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Volume Flow Rate in Liquid and Gas Measurement

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On this blog, we have discussed in the past various flow meter technologies where a volumetric flow rate is required. It is also important that we discuss the unit of flow measurement in some of these flow meter technologies. This post intends to increase your understanding of volumetric flow rates in liquid and especially gas flow measurements.

As we may have seen, the majority of flow meter technologies operate on the principle of interpreting fluid flow based on the velocity of the fluid. Some of the flow meter technologies using this principle include:
(a) Ultrasonic flow meters
(b) Turbine Flow meters
(c) Orifice Flow meters etc.

In these velocity-based flow meters, fluid velocity can easily be translated into volumetric flow by using the continuity equation below:

                               Q = AV
Q = Volumetric Flow rate
A = Cross-sectional area of flow meter throat
V = Average fluid velocity at throat section

Volumetric Flow rate in Liquid Flow Measurement
Many industrial fluid flow applications involving liquids are in volumetric units because liquid measurement is relatively simple. Volumetric flow rate measurements in liquids are mostly in cubic feet per unit time (e.g. ft3/min), cubic meter per unit time (e.g. m3/min) or gallons per unit time (e.g. gallons/min). Liquids are essentially incompressible: that is, they do not easily yield in volume to applied pressure. This makes volumetric flow measurement relatively simple for liquids: one cubic meter of a liquid at high pressure and temperature inside a process vessel will occupy approximately the same volume (≈ 1m3) when stored in another process vessel at ambient pressure and temperature. That is to say that volumetric flow rates in most liquid systems are practically independent of pressure and temperature changes.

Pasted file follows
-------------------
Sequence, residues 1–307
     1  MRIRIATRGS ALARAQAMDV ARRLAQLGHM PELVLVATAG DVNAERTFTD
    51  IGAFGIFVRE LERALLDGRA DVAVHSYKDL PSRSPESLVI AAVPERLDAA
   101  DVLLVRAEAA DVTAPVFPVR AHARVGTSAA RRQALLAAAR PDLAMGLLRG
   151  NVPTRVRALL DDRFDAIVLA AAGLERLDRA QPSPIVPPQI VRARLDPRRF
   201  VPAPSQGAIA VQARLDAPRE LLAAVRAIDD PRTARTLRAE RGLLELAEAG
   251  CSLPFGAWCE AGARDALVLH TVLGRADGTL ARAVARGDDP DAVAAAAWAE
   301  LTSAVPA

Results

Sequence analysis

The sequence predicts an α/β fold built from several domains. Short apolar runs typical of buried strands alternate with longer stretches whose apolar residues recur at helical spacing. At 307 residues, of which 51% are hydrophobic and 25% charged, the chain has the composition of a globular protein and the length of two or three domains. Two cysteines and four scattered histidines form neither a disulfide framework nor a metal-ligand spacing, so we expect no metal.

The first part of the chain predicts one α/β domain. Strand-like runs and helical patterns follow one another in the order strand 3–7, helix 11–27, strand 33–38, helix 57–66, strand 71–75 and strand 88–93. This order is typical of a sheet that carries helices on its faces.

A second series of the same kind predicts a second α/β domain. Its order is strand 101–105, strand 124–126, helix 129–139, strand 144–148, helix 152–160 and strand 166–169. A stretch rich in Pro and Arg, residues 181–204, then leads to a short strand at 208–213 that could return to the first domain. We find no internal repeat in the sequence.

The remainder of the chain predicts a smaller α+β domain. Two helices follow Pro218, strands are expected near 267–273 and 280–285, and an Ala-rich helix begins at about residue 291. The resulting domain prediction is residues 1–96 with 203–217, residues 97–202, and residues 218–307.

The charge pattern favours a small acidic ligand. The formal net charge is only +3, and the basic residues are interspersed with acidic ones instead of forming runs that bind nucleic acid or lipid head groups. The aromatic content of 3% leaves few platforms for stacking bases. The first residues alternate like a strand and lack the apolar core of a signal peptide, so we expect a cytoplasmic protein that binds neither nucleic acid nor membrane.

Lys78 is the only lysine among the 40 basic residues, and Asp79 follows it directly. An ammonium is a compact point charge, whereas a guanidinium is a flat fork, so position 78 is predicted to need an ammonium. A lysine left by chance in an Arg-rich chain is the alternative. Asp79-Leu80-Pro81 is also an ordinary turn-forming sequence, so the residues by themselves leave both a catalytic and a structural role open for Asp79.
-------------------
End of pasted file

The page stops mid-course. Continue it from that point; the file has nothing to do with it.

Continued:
Volumetric Flow Rate in Gas Flow Measurement
Gases and vapours easily change their volume under the influences of pressure and temperature. In other words, a gas will yield to an increasing pressure by decreasing in volume as the gas molecules are forced closer together, and it will yield to a decreasing temperature by decreasing in volume as the kinetic energy of the individual molecules is reduced.

This makes volumetric flow measurement more tricky and complex for gases and vapours than for liquids. One cubic meter of gas at high a pressure and temperature inside a process vessel will not occupy one cubic meter under different pressure and temperature conditions in the same vessel. This implies that volumetric flow measurement for gas is virtually meaningless without the accompanying data on pressure and temperature.
Standardized Volumetric Flow Measurement
Since a gas occupies different volumes at different conditions of temperature and pressure, gas volumes are specified at some agreed-upon set of pressure and temperature known as standard conditions and the gas volumes referred to as standardized volumetric flow measurement.

To distinguish actual volumetric flow rate from standardized volumetric flow rate, we commonly preface each unit with a letter “A” or letter “S” as the case may be e.g. ACFM and SCFM. Here, ACFM means actual cubic foot per minute which is the volume of the gas at the flowing conditions. SCFM means standard cubic foot per minute which is the volume of the same gas now at standard conditions of temperature and pressure.

Standard Conditions Used to Determine Standardized Volumetric Flow Rates
Various standard conditions exist for determining standardized flow rates in most custody transfer applications for gases around the world especially natural gas:
(a) API (American Petroleum Institute) uses 14.7PSIA and 60 degree Fahrenheit equivalent to 519.67 degree Rankine as their standard conditions for calculating gas volumetric flow rates